The United States is a credit-based society, meaning credit defines what a person can and cannot do. Credit allows people to buy homes, go to school, and build business that helps people to provide for themselves and their loved ones. Credit discrimination makes it so that some people can never access these opportunities.
The Equal Credit Opportunity Act (ECOA) makes it illegal for a creditor to discriminate against you in any aspect of a credit transaction on the basis of your race, color, religion, national origin, sex or marital status, your age, and if you receive income from a public assistance program.
You might have a case if a creditor discriminates against you by doing any of the following:
- Offer you credit with unfavorable terms compared to someone else with similar qualifications
- Refuse to you extend you credit if you qualify for it
- Keep you from applying for credit
- Closes your account
It is important to be aware of the warning signs of credit discrimination to prevent it from happening to you.
One way you can protect yourself from credit discrimination is to watch out for any warning signs, no matter how small, that you are being judged for your race, national origin, sex, age, or another protected classes.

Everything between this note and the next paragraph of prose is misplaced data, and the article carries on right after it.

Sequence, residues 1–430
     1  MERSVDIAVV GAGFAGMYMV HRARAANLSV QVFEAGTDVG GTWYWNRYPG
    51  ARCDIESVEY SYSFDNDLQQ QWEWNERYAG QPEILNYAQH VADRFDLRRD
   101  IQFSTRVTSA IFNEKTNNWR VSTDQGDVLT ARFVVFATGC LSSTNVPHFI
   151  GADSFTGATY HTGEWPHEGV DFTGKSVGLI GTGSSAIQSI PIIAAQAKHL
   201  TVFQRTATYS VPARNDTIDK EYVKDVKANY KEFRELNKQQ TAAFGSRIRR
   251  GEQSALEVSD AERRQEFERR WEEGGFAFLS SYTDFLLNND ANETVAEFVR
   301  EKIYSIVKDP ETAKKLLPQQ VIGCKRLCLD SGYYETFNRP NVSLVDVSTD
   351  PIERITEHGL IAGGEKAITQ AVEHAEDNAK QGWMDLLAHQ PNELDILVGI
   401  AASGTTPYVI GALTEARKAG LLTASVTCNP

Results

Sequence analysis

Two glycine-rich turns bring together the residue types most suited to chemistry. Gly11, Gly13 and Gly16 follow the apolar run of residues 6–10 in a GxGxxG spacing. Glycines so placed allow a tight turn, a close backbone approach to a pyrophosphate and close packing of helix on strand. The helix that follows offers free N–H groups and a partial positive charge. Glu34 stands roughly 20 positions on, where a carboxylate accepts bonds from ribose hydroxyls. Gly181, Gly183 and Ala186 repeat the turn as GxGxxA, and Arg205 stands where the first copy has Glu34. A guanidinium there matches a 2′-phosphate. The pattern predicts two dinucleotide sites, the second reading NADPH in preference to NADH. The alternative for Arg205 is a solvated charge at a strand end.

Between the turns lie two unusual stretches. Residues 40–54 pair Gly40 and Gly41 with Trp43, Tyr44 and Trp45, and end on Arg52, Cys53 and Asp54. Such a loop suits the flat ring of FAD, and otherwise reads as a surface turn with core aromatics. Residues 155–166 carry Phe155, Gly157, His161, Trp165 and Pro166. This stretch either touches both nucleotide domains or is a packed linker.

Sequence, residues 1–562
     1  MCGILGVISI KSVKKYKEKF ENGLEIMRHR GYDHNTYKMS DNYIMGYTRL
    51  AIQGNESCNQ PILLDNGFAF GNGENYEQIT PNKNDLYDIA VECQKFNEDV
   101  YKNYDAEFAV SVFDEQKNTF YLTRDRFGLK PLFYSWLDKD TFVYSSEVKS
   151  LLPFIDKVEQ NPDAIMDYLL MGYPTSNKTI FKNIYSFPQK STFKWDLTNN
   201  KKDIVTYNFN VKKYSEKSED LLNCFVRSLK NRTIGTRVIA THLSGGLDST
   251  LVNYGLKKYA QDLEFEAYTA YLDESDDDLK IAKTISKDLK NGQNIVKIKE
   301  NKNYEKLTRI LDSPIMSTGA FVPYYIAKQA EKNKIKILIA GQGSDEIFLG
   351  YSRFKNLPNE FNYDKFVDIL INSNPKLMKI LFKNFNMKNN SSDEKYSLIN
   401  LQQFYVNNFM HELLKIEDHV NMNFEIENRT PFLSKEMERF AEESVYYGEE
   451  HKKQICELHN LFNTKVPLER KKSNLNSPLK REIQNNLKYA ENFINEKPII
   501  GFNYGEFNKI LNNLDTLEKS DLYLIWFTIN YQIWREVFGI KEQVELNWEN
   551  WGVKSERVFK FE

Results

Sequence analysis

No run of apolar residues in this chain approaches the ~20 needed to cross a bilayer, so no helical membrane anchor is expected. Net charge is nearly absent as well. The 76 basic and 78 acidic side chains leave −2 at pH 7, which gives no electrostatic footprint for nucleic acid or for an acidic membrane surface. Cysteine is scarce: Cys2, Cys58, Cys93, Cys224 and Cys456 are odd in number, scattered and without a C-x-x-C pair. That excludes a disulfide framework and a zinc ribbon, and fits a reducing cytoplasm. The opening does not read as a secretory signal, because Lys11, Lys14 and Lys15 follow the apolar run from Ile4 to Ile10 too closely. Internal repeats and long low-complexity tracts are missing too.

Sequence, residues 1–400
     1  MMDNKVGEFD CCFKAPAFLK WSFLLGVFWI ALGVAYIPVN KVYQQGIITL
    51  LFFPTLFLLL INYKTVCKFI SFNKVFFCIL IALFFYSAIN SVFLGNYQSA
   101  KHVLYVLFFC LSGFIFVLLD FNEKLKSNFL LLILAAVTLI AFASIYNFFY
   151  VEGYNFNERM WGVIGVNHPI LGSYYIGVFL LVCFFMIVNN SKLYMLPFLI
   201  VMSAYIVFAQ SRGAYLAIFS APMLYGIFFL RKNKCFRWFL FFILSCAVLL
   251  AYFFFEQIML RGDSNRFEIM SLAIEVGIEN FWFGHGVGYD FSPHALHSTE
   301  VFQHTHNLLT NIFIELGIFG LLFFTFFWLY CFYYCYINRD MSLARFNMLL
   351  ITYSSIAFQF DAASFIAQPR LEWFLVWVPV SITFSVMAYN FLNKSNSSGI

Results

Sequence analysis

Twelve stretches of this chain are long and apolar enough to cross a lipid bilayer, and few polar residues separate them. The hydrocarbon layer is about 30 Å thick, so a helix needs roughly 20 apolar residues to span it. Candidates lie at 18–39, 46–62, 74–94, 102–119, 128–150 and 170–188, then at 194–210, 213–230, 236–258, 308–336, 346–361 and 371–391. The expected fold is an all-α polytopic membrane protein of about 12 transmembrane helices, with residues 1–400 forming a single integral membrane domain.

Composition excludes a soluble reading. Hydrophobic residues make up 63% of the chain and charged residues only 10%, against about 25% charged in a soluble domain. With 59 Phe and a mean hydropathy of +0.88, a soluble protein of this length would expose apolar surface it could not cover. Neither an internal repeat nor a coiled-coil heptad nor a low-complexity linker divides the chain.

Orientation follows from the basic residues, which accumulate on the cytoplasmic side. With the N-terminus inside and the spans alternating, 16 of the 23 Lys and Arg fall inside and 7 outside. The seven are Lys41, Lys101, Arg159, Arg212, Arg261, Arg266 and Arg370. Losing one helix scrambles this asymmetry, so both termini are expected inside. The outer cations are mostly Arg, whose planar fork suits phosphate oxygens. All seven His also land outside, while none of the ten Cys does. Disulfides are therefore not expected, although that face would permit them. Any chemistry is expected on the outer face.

When looking into credit discrimination, investigators see if there has been a "pattern" of discrimination against a particular group. For example, investigators will try to find evidence that a significant percentage of certain applicants are being denied credit at a greater rate as compared to other applicants, who are equal in all other factors other than the protected status.
Creditors have to give specific reasons as to why they denied someone credit. Acceptable reasons for denying a credit application include low income, low salary, short employment history, and low credit score. However, vague or indefinite reasons such as not "meeting our minimum standards" are illegal.
Discrimination cases can be very complicated as there are many procedures that must be followed. Additionally, there may be relevant state laws that might help your case. An experienced credit lawyer who is familiar with credit discrimination laws can help you through the process of getting your claim investigated.